Hepatitis C

What is HCV?

Hepatitis C (HCV) is a virus, spread by contaminated blood, that attacks the liver and leads to inflammation. HCV is spread from blood to blood contact and commonly affects people who inject drugs (PWID). It can also be transmitted through sexual contact, although it is very rare.  Some people get a short term, or acute, infection and are able to clear the virus. However, 80% of people who get infected develop a chronic infection. Hepatitis C is curable, and there are multiple medications for treatment of HCV with up to a 97% success rate.

Who is at risk for Hepatitis C/HCV?

  • People who use drugs intravenously (specifically people who share syringes and other works)
  • People who received a blood transfusion before 1992 (testing transfusion blood for HCV was not common practice until 1992)
  • People who have gotten at home tattoos or piercings
  • Health care workers who regularly come into contact with blood

How is Hepatitis transmitted?

HCV is transferred from blood to blood contact from a person who is already infected with the virus. It is commonly transferred during intravenous drug use. HCV can survive outside of the body on surfaces for up to 42 days and in a syringe for up to 62 days. It was once believed that a person could contract HCV from themselves by reusing their own syringe, but that has been proven to be untrue. A common way to avoid getting HCV is to use a new syringe every time, and to avoid sharing syringes, or any other works with anyone.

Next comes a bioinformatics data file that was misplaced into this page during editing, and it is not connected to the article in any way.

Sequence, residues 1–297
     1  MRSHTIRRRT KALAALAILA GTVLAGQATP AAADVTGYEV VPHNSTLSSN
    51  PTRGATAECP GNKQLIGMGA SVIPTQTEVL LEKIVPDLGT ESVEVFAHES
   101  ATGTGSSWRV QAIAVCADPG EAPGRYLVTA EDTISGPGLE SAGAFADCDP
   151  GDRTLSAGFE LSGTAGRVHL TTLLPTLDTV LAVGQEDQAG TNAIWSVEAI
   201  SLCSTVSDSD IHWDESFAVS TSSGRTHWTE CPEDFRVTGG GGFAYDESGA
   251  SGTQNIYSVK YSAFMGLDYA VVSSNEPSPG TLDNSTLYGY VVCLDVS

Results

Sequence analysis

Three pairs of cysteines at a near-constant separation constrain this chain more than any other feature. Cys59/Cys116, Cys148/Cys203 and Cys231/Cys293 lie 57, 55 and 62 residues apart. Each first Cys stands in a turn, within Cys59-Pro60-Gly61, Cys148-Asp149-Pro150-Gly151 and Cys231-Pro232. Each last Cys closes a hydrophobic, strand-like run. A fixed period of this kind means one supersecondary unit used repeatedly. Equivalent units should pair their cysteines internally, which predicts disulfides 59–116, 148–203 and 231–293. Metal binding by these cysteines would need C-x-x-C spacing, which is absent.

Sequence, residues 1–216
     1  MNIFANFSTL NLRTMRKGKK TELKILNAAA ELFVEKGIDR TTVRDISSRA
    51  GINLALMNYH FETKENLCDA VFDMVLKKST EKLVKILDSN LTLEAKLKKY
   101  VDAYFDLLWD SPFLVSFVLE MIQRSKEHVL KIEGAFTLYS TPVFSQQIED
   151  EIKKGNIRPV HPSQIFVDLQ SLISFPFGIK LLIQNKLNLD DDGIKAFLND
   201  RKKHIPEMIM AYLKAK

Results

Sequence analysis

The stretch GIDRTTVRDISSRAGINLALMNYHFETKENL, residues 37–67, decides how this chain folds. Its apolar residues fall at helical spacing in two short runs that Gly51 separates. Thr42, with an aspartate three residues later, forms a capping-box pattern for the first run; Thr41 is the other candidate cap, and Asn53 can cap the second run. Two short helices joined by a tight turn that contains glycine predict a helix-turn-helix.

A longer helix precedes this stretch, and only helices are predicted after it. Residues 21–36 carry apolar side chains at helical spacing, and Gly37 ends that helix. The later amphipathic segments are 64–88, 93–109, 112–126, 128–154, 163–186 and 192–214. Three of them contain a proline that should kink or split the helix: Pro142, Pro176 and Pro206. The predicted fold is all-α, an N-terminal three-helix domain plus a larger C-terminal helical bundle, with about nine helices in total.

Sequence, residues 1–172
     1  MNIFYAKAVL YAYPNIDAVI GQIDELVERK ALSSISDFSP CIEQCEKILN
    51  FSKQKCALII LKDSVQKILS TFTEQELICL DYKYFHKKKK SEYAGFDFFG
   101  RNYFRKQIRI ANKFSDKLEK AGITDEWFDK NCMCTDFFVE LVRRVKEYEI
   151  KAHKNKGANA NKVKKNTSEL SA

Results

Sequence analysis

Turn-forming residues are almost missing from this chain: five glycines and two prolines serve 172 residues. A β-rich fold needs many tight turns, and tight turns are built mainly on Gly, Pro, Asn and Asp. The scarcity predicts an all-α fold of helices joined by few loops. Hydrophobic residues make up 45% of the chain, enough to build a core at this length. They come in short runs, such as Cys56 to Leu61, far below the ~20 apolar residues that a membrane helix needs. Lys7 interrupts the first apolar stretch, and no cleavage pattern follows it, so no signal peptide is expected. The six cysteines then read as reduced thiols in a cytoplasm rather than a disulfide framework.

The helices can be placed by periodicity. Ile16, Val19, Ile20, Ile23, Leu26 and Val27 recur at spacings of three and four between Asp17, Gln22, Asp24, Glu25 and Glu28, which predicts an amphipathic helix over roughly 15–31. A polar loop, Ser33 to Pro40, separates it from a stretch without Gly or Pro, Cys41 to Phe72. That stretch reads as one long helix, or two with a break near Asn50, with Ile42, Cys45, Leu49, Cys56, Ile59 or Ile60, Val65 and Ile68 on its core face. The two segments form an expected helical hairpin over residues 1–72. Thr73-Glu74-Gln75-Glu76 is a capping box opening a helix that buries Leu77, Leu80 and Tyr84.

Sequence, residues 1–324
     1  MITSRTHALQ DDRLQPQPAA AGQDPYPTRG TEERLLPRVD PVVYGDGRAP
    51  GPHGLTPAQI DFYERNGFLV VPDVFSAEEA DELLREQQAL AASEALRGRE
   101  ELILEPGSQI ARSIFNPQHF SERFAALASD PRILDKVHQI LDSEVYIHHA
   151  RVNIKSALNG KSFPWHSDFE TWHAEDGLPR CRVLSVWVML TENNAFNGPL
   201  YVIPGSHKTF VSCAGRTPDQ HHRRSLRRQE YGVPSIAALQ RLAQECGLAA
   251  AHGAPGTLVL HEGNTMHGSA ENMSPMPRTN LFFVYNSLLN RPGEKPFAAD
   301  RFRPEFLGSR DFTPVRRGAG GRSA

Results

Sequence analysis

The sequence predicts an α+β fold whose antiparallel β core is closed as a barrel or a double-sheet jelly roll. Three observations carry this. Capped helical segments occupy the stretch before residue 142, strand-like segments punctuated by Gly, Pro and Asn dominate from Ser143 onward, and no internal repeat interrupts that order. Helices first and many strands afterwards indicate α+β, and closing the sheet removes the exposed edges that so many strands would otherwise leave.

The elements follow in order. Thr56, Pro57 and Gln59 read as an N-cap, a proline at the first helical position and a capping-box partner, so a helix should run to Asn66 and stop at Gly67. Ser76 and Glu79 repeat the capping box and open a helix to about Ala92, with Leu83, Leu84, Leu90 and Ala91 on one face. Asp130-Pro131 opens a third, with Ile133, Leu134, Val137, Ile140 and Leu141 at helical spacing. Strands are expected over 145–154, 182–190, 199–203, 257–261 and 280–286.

How many people are living with Hepatitis C?

An estimated 2.4 million people in the United States were living with hepatitis C from 2013 to 2016. Out of 100,000 Oklahomans an estimated 1,820 have HCV, and 14 have died of HCV complications such as cirrhosis of the liver or liver cancer.

What are Hepatitis C symptoms?

Most people who contract HCV do not have any symptoms, or they are infected for years before they start to feel any symptoms. This is why it’s important to get tested for HCV, if you have any risk factors, even if you’re not experiencing any symptoms. Common symptoms for HCV include:

  • Fatigue
  • Nausea/Vomiting
  • Poor Appetite
  • Joint Pain
  • Jaundice (yellow tint to skin or eyes)


Hepatitis C Questions and Answers for Health Professionals | CDC

Oklahoma has highest rate of hepatitis C infections, deaths | The Oklahoman

Hep C Basics | Hep C Hope

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